This whole incident, however, got me thinking about how I judge myself based on my emotional reactions.  After I discovered the second tumor, I was numb, and then angry, and then I sobbed.  I could barely sleep Monday night, and was a wreck most of yesterday from lack of sleep and anxiety about how Jazzy was holding up in surgery.  And all the time I was experiencing this flow of “negative” emotions and sensations, I was berating myself for feeling them.  “She’s just a dog,” I thought to myself.  “Other people in the world are suffering horrible tragedies like earthquakes and starvation and Donald Trump running for president, and you’re literally losing sleep over a fourteen-year-old quadruped who’s already lived beyond the average lifespan for her breed.  You’re a ridiculous and stupid white girl.”  I apologized to my mother when she saw me crying.  My parents were great, supporting each other and me by saying “it’s ok to be sad, we love her – old dog or not.”  I still couldn’t shake the feeling of guilt, however, over being “too emotional” over something that was “not a big deal.”

Once the surgery was over and Jazzy came home in good, albeit dog-drunk, shape, my relief allowed me to make the connection (my therapist would be proud!) that trivializing my emotions, regardless of their cause, is a pattern I’ve engaged in my whole life.  I used to get so upset at work when I was stressed or when someone said or did something unprofessional or mean, and then get even MORE upset by the demon voice in my head which told me I was overreacting or being unreasonable.  Society in general teaches us to suppress or hide “bad” emotions, like grief, anger, or frustration, especially when the cause of these emotions isn’t justifiable by some arbitrary standard.  Inconsolable because your ninety-year-old grandfather died?  Well, he lived a long life, what are you crying for?!  In a rage because some sexist jerk at work made a joke about the size of your ass?  Happens to everyone – no need to make a fuss – also, you might want to consider losing a few pounds!  Depressed because you got divorced?  Better to have loved and lost than never to have loved at all!

Any of this sound familiar to anyone?

Don’t get me wrong, I don’t think it’s necessarily healthy or feasible for people to go around constantly weeping or screaming or otherwise giving full vent to every single emotion in public.  But I do think that we harm ourselves by judging certain emotions as “bad” and then encouraging, if not mandating, that we suppress any expression of these emotions, even in public or professional settings.  I think it can be appropriate, even useful, to cry at work, for instance: one of the best moves I ever made in managing the relationship with a client was telling him that he had made me cry (he had berated me in a meeting in front of forty people).  When he truly realized how his actions had made me feel, our entire relationship changed – it became more honest, more respectful, and more effective.  By the time I left the company, he was my favorite client – all because I let him know, with my words AND body language, how angry and sad he had made me feel with his behavior.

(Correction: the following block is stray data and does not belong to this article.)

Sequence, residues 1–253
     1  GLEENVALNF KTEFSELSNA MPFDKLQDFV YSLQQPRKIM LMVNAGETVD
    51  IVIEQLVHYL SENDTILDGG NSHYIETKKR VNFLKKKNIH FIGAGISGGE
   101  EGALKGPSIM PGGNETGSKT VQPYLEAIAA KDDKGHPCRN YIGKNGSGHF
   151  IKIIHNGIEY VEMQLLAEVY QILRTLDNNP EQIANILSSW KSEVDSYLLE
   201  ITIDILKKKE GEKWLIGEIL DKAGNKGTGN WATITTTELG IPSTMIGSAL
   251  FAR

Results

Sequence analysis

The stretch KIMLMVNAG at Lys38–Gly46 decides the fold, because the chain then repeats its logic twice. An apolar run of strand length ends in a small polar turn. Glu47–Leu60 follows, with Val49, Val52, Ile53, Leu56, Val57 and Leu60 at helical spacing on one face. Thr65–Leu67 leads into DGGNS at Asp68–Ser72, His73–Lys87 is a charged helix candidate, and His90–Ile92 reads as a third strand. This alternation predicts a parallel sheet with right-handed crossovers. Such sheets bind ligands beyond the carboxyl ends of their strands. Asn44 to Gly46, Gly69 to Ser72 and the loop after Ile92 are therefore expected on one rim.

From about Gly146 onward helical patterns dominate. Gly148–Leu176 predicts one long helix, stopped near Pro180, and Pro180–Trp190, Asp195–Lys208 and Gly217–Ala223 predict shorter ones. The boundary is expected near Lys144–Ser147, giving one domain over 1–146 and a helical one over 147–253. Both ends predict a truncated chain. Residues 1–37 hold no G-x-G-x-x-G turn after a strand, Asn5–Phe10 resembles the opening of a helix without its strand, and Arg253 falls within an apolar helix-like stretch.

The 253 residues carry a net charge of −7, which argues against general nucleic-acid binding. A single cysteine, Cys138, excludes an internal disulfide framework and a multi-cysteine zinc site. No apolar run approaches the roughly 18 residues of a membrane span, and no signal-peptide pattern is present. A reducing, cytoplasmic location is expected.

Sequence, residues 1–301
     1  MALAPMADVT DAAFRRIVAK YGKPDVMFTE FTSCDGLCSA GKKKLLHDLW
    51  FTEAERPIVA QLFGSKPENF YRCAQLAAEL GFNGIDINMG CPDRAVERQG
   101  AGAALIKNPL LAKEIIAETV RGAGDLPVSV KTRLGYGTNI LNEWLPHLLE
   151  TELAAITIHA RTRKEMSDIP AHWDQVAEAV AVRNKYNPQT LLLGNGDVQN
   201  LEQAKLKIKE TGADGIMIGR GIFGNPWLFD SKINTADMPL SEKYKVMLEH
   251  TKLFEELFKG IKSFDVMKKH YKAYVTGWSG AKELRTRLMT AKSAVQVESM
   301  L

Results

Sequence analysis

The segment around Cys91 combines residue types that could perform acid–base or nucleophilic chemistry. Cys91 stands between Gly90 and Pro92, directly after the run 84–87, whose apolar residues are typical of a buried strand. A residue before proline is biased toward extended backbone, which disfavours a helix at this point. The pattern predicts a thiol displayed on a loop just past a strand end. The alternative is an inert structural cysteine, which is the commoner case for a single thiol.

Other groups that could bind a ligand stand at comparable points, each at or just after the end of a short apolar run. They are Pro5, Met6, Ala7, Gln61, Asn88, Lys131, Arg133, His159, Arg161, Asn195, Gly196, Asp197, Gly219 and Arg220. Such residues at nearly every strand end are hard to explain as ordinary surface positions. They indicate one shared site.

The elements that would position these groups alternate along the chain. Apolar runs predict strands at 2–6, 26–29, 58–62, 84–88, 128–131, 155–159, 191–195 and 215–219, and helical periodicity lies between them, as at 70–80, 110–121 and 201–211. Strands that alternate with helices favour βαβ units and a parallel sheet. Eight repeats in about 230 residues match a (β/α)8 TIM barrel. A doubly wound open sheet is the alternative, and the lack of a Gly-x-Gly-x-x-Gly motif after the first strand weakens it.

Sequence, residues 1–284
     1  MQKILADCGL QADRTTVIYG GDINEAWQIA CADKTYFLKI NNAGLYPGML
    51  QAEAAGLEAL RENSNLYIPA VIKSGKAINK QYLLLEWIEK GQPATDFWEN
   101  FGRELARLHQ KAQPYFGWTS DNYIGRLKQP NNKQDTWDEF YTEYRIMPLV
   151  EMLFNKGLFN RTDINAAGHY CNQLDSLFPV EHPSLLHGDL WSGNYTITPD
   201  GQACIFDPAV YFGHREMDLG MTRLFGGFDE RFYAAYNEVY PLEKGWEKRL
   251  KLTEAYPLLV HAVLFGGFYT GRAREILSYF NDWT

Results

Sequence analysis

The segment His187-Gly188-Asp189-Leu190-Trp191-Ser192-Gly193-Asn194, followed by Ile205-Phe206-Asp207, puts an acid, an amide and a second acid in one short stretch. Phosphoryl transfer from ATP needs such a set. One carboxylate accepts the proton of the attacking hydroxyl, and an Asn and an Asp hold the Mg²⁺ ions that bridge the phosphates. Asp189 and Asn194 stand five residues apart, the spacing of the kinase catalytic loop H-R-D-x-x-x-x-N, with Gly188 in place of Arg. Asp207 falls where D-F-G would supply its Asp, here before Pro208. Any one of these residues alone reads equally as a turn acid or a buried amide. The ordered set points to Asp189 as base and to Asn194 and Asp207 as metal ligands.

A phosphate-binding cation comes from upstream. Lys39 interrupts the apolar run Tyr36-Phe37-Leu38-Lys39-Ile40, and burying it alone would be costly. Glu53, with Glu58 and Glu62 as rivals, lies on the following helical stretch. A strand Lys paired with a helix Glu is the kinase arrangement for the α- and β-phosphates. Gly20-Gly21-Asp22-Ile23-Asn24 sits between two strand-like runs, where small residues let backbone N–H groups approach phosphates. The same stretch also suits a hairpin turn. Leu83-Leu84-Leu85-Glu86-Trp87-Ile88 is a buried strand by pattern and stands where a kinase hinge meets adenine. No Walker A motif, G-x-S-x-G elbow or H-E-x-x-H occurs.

Lol looking at this post it seems sort of weird to go from talking about an old dog with cancer to crying at work, but to me the connection is important.  It’s ok for me to cry about my sick dog.  It’s ok for you to be angry with a mean coworker and to express that anger appropriately.  It’s ok to laugh out loud when something is really fucking funny.  It’s ok to be a real, whole human being, and not a robot or a Vulcan.

If you’re reading, I’m interested to hear about your own experiences – how do you deal with strong emotions in tough situations?  How do you remain authentic to yourself in a society where authenticity is often touted but rarely embraced?

I hope you have a great week.  I’m off to pet Jazzy – she’s milking this “I had cancer! Pet me!” thing for all it’s worth!

So I quit my job ten days ago, and this is my new apartment…

My new sexy home
My new sexy home

Just kidding, my actual apartment is a Toyota Sienna, which is much classier and gets better gas mileage.*

Seriously, though, as I wrote in a post last week, I have this personal demon (WITH RIPPED ABS UGHH) who lives in my head who was being louder and meaner to me than usual because I decided to quit my job.  Part of the demon’s argument against this action was that I would immediately become super poor and end up living, quite literally, in a van down by the river.  It is a small victory over him that ten days into my unemployment adventure, I have not been evicted AND I received a bunch of amazing encouragement from friends, family, and random internet people on my last post.  I expected most people to react to: “Hey, I quit my job and I’m trying to write a book!” with this expression:

Oh my god, I hate millennials.